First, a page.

Zhang Yimou’s Under The Hawthorn Tree Casts A Simple, Innocent Spell
I made a special effort to watch Zhang Yimou’s latest film. Bill Kong arranged for the screening. It had to be in Hong Kong. So I had to fly to watch Under The Hawthorn Tree.
It was worth the effort on several counts. So the Zhang Yimou who directed the spectacular opening ceremony of the Beijing Olympics still knows less can be more.
This movie has to count as the most tender and just about the purest love story from China. With this story, Zhang has stuck to a strict back-to-basics approach. It should also count as one of the simplest love stories ever told. So far removed from the intrigues among the concubines in Raise The Red Lantern or the palace conspiracy between king and queen in Curse Of The Golden Flower, it appeared almost unreal at first. Yet it is a real story during the Cultural Revolution. But it is not about the revolution. It is a story simply about love.
Such simplicity is overpowering. A boy falls in love with a girl. He knows what true love is. Without being showy, he single-handedly shows a new generation of movie audiences how classic male chivalry can still melt hearts. The girl receives his love with innocence and determination. And as she comes of age, she feels fresh joy and real pain when love arrives and leaves.
Zhang decided to direct the film because he was moved by the original story, especially this sentence – ‘I can’t wait 13 months for you; I can’t wait till I’m 25; but I can wait for you my entire life.’ He said “When I first started shooting, I thought, no matter how the movie turns out, it has to end with this sentence.”
“When I was working on this story, I thought it would be best to use the simplest language. I wanted to guide audiences through the actors’ performances in a slow and quiet manner. It’s different from what I did before, which focused on dazzling colours and elaborate choreography,” Zhang said.
This movie will count as Zhang’s most ‘colourless’ of late. The cinematographer-turned director has been acclaimed for his bold use of colours ever since Red Sorghum. Red was his favorite colour again in Raise The Red Lantern. The Curse Of The Golden Flower gave us a peek at the visual wonders of the Olympics. Even in last year’s slapstick comedy A Simple Noodle Story, all his characters wore at least five colours.
Not that Under The Hawthorn Tree was shot in the hues of gray in To Live and Not One Less. Here, Zhang went for natural lighting and natural colours. Natural colours seem to be his new red.
Adapted from the popular 2007 novel by Ai Mi, Hawthorn Tree Forever, the movie is based on the real life of Jingqiu, who shared her diary with the author. It was a romance during the ‘zhiqing’ days towards the end of the Cultural Revolution. ‘Zhiqing’ refers to young urbanites who were sent to the countryside for ‘re-education’ during that turbulent decade. Jingqiu, who had a difficult life after her father was labeled a ‘right-winger’, met and fell in love with the handsome Laosan, who had a better future because his father was a high-ranking military officer.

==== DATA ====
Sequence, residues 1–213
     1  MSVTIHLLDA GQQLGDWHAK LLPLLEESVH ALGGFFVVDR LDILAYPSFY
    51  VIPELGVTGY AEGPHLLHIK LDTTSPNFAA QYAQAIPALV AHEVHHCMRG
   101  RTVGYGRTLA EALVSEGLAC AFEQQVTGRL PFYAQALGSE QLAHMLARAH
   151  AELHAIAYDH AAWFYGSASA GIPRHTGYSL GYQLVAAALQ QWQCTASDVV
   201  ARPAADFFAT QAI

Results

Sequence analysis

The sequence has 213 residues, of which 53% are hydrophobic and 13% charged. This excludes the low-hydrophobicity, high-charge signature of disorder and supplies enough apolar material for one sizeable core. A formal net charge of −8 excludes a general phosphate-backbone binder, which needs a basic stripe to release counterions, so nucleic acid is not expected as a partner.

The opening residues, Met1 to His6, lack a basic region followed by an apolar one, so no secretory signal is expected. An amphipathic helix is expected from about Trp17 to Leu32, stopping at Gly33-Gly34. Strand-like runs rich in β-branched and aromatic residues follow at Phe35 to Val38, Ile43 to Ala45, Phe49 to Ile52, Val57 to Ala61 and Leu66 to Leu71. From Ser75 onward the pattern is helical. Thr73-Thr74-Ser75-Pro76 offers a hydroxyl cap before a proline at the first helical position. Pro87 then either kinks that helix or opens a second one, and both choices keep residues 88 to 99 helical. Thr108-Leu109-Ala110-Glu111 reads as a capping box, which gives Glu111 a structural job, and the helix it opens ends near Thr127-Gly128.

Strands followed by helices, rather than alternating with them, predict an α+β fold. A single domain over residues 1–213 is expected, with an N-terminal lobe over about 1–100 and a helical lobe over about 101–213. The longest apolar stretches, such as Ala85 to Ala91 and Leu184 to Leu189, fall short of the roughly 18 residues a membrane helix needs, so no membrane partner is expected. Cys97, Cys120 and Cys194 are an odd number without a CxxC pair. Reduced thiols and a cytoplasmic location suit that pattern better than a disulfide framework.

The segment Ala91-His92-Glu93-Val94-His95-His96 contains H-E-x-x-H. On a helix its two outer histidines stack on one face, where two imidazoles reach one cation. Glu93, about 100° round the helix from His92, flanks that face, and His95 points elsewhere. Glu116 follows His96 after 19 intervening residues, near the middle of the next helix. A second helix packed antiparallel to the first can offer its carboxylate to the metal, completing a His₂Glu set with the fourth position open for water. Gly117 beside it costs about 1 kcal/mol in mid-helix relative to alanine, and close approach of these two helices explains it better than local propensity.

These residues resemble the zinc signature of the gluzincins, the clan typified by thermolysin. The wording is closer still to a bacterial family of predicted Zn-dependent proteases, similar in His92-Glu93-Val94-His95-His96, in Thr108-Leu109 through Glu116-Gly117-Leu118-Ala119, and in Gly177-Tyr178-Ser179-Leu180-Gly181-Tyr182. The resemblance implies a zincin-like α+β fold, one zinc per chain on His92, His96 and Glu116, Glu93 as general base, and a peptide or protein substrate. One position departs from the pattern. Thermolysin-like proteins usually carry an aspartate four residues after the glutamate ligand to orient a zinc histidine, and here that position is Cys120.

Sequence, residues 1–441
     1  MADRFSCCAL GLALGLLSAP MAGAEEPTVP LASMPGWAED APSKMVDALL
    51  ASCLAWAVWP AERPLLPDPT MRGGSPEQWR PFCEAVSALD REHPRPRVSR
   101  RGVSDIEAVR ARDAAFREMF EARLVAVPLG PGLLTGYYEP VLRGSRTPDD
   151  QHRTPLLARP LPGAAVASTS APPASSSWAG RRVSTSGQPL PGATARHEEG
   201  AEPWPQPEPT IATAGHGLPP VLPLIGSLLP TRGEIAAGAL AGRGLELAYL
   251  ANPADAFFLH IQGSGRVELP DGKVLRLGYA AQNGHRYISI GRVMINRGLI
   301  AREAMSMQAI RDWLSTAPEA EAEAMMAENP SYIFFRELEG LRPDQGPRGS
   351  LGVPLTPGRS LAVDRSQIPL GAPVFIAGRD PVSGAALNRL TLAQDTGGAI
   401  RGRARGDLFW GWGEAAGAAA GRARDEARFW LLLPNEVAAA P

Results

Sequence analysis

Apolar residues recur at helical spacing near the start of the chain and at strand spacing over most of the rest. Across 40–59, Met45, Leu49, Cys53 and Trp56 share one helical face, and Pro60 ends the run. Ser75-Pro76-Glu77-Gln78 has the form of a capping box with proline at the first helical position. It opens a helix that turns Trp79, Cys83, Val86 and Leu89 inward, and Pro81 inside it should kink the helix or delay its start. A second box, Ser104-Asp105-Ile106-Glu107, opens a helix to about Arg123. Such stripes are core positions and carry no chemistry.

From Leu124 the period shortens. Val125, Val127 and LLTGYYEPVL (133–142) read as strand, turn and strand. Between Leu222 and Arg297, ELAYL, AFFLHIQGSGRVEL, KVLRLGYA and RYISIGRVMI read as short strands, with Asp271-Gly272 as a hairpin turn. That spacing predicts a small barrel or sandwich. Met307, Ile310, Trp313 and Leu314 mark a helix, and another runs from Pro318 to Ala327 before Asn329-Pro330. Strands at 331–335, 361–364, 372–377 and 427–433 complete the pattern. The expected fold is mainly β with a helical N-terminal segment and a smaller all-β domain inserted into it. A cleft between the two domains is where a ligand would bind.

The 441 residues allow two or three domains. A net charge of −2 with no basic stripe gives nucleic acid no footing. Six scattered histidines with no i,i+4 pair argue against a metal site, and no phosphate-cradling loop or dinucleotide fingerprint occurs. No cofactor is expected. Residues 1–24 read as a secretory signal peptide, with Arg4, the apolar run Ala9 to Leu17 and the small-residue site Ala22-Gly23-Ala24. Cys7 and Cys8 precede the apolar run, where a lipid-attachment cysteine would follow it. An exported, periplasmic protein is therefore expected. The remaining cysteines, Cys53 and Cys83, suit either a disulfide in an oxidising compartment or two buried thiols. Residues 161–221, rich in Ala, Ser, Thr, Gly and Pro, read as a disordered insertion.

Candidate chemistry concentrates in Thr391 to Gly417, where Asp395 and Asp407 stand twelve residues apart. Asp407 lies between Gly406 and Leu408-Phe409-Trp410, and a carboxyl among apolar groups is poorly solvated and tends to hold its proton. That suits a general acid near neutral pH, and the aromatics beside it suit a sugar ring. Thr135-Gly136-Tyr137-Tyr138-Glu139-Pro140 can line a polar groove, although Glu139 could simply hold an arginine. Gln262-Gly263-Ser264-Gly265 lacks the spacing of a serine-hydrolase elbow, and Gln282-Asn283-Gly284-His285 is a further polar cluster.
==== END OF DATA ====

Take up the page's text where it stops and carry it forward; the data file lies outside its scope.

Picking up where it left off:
Like Jingqiu, Zhang dropped out of middle school and spent three years in the countryside due to his ‘unclear’ background; his father and uncles were all nationalists.
The idea of love in the 1970’s has attracted many of China’s post 80’s generation to the movie. They want to experience the forgotten ‘pure love’ of the previous generation. The innocence of that generation is laughable today. Many girls then thought they would be pregnant by kissing or lying on the same bed with a guy. It is this lost innocence that Zhang wants to capture.
The movie has performed well since its release in China. With a low production budget speculated to be just RMB20 million, the track record of unsurpassed profitability for every movie project produced by the partnership of Zhang and Zhang Weiping will remain intact. And there was the successful moon cake promotion. 3,000 limited edition boxes of hawthorn fruit moon cakes sold out in a flash and more had to be rushed to the market.
The two young stars, Zhou Dongyu and Shawn Dou are relative unknowns. The film is already confirmed as the opening film of the Pusan International Film Festival and the closing film at the Hong Kong Asian Film Festival. Many in the industry see the 18 year-old Zhou as the aspiring new Zhang Ziyi. The 21 year-old Canadian-raised Dou showed sincerity and consistency in his performance. We will see more of them.
Under The Hawthorn Tree signals the return to simpler subject for Zhang but the ultra simple approach with supers as part of the story telling is new. It should pave the way for the romance genre to be a staple for at least the young cinema goers in China today.
lim lee lee
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